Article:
In about 350 communities across the United States, for instance, groups of seniors are forming their own “villages” to help each other stay in their homes. Under the concept, which originated in Boston in 2002, residents pay membership dues averaging a few hundred dollars a year to a neighborhood-based membership organization that employs a small support staff. Volunteers help connect the residents to discounted services and organized social activities.

“When you're a widow and it's a Friday night, this lets you meet people you can go to a play with,” said Ann Schummers, an organizer of a Massachusetts village called “Concord After 60.”3

In a 2016 study of seven villages in California by University of California, Berkeley, researchers, 74 percent of respondents said they know more people and 54 percent said they feel more connected with others because of their village membership. Still, the researchers said the seniors already were in good health and well-connected socially when they joined their village.4

Experts say that while innovative approaches can help many seniors stay connected, the challenges of social isolation and loneliness could grow significantly as the population ages. The number of Americans age 65 or older is expected to reach an estimated 98 million by 2060, roughly double today's count.5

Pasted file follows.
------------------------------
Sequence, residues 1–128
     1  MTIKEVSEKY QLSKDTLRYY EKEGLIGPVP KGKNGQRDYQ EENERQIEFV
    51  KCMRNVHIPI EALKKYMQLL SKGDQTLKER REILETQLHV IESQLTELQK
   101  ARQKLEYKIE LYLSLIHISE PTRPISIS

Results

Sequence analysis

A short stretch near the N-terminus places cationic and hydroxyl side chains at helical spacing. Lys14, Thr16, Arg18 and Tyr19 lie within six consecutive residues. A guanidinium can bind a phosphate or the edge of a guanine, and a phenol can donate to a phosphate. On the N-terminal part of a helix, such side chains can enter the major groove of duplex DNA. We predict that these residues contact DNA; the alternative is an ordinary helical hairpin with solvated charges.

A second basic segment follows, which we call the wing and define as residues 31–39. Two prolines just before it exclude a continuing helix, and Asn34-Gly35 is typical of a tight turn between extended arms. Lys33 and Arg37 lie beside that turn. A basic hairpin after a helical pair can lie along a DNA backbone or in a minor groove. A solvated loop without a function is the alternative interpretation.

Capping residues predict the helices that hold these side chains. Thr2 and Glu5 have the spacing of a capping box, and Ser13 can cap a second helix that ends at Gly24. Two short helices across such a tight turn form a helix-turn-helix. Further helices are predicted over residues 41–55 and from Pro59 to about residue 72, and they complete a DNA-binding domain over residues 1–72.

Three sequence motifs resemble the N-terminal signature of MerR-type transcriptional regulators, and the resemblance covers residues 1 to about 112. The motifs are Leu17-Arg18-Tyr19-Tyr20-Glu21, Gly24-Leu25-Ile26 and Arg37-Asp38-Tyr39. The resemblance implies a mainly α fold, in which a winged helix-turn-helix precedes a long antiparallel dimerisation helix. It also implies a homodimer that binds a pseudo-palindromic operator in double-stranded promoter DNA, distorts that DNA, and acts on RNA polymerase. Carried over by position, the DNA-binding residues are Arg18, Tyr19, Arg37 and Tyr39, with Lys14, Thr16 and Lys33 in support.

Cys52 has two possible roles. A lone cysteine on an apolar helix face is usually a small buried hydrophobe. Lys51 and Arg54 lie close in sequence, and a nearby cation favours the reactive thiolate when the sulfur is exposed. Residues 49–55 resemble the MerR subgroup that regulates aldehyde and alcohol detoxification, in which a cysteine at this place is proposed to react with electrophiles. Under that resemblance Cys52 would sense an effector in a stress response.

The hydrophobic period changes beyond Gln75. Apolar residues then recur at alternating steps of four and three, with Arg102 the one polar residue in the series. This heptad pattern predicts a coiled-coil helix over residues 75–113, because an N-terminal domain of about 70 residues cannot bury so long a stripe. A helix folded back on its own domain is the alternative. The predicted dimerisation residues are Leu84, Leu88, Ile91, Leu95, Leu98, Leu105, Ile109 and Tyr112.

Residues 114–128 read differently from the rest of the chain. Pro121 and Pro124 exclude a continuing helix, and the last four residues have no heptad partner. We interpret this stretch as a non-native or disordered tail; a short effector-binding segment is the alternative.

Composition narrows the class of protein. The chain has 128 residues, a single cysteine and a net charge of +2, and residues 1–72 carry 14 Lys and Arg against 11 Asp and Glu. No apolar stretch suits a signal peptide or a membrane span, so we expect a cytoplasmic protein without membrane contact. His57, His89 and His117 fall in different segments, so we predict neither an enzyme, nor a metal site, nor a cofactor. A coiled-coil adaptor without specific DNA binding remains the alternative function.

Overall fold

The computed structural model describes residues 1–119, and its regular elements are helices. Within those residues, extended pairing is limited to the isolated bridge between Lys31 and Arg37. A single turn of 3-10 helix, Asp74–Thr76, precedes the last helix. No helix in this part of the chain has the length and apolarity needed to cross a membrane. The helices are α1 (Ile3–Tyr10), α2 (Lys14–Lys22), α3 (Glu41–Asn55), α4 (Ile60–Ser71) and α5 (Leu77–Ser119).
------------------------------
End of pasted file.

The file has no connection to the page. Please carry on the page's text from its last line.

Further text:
Team members cheer for Ginny Williams (Getty Images/Portland Press Herald/Jill Brady)  
Team members cheer for Ginny Williams, 98, far left, in April 2018 at the Big 20 Bowling Center in Scarborough, Maine. Shared social activities can keep the elderly engaged and help alleviate feelings of loneliness, psychologists say. (Getty Images/Portland Press Herald/Jill Brady)

Moreover, many experts say societal changes such as dwindling family sizes, rising divorce rates among older Americans, increased numbers of people living alone and higher rates of distrust of other people could exacerbate loneliness by reducing the number of social connections.

“The importance of having available a social network cannot be overstated in guarding against social isolation,” Lenard W. Kaye, director of the University of Maine's Center on Aging, told the Senate Special Committee on Aging last year. “Family, friends, neighbors and professional caregivers provide social support, social influence, create a buffer against stress, increase your access to resources and can even stimulate your immune system.”6